“Sure. Come on in.”
Mike, still in his pajamas, his hair uncombed, entered and sat on the edge of her bed. “How was yesterday?” he asked.
Kerri displayed an instant smile. “Fantastic.”
“Wow. That good?”
“Even better. Steve’s going to make it, dad. He’s going to make it all the way back. I was confident when he came out of his coma, but now I’m sure of it.”
“You care to tell me why you’re so sure, or am I prying?”
“You’re not prying...Yesterday was very special. Steve proved to me that his memory is completely functional. All he needed was the right stimulation.”
“That’s great news, but maybe you can be a little more specific. Come on, you can tell your dad.”
“I spoke to his therapist the day before the trip. I told her where we were going and asked her about exposing Steve to certain places. I tried the best I could to give her the history of Steve’s connection to each place. The first was the cottage he was building on Lake Joseph, until his marriage to Christine got in the way. She agreed, so I took him there first. It didn’t take long for him to show me that it was a bad idea. It was obvious that he associated the place with an unpleasant experience. I could see that he was struggling to process the details. Everything he looked at caused him pain. It was palpable. I could see it in his eyes. He didn’t have to say a thing.”
“Did he say anything?”
“Only that he wanted to leave. So we did. The next place on my list was The Health Club. Unfortunately, we passed his accident scene on the way. I could have taken a different route, but I wanted to see if he remembered it. He reacted as soon as he saw it. His expression, his eyes, his hand movements, all of them proved to me that he remembered it. I just don’t know how well... I felt so sorry for him, and I felt like a shit for taking him there. Neither of us said anything after we passed it, so I just kept driving until we got to The Health Club. We walked down to the dock and spent a few minutes taking in the view... He was different there. He seemed serene, almost content. I waited a little longer, then I asked him if that place was familiar to him.” Kerri paused and smiled. “That was a defining moment. He smiled his perfect smile and told me it was the place where he met the most beautiful woman he had ever seen.”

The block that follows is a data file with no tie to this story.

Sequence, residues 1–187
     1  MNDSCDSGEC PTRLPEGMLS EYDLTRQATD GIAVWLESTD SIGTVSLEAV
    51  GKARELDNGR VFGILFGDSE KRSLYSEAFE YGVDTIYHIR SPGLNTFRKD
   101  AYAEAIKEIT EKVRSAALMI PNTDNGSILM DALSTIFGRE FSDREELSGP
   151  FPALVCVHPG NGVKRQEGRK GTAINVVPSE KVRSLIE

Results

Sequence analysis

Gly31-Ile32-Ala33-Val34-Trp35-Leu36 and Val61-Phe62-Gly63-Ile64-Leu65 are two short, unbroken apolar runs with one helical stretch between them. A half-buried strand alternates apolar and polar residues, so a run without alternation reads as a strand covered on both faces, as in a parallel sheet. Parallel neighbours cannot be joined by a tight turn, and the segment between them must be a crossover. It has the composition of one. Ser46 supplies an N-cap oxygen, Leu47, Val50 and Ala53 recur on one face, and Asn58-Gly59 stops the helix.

“Don’t stop there. What happened next?” Mike prodded.
Kerri’s expression transformed into a full blush. “We kissed... No. We really kissed. He showed me he remembered how to do that.”
“That’s wonderful,” Mike said, delighted to see happiness in his daughter’s expression for the first time since September of the previous year. “Was the kiss a knee-jerk reaction, or something more?”
“Definitely more. I wasn’t sure what it was until...” Again she paused, struggling to decide how to explain the next series of events to her father.
“I decided to take him to his house in Port Carling, but before we got there, he saw the post office. You know where it is, just before McMullen Drive. He asked me to stop so he could pick up his mail. I was amazed. He knew which key to use and exactly where his box was. The size of the stack he carried out of there made it obvious that it had accumulated since before his accident. When we got out of the car in front of his house he pulled a letter out of his stack and handed it to me. It blew me away. It was addressed to me in New York and written by him, the day of his accident. It was returned to him because I deliberately didn’t leave a forwarding address when I left New York...He wanted me to read it to him.” Kerri beamed, displaying the expression of a child on Christmas morning. “Dad, until that moment, I thought our kiss on The Health Club dock was the defining moment of the day, but it was nowhere close. Reading that letter to him was like opening a dam. I’ll tell you why in a minute, but first let me read it to you.” She lifted the letter from the surface of her night table and read it to her father.
“Wow!” Mike said, impressed by the text. “That was well written. Obviously he cared a lot for you. How did he respond?”
“I’ll probably never know exactly how my reading that letter affected him, but it was like a light switch had suddenly been turned on. The transformation was incredible. He remembered everything about that day in his life, in specific detail.” She smiled and blushed again. “I could tell you a lot more about his response, but it’s X-rated.”
“I’ll assume Steve remembered how to do that, too.” He wrapped his arms around his daughter and hugged her. “I’m so happy for both of you. It’s been too long since either of you have had any good news.”
“I’m in love with him, dad.”
Mike chuckled. “You didn’t have to tell me. I could see it in your eyes,” he said, then stood. “Karen and I are going to the Pickle Barrel for breakfast in an hour. We would be honored if the Iacardi Santa Claus chose to join us?”
She laughed and nodded.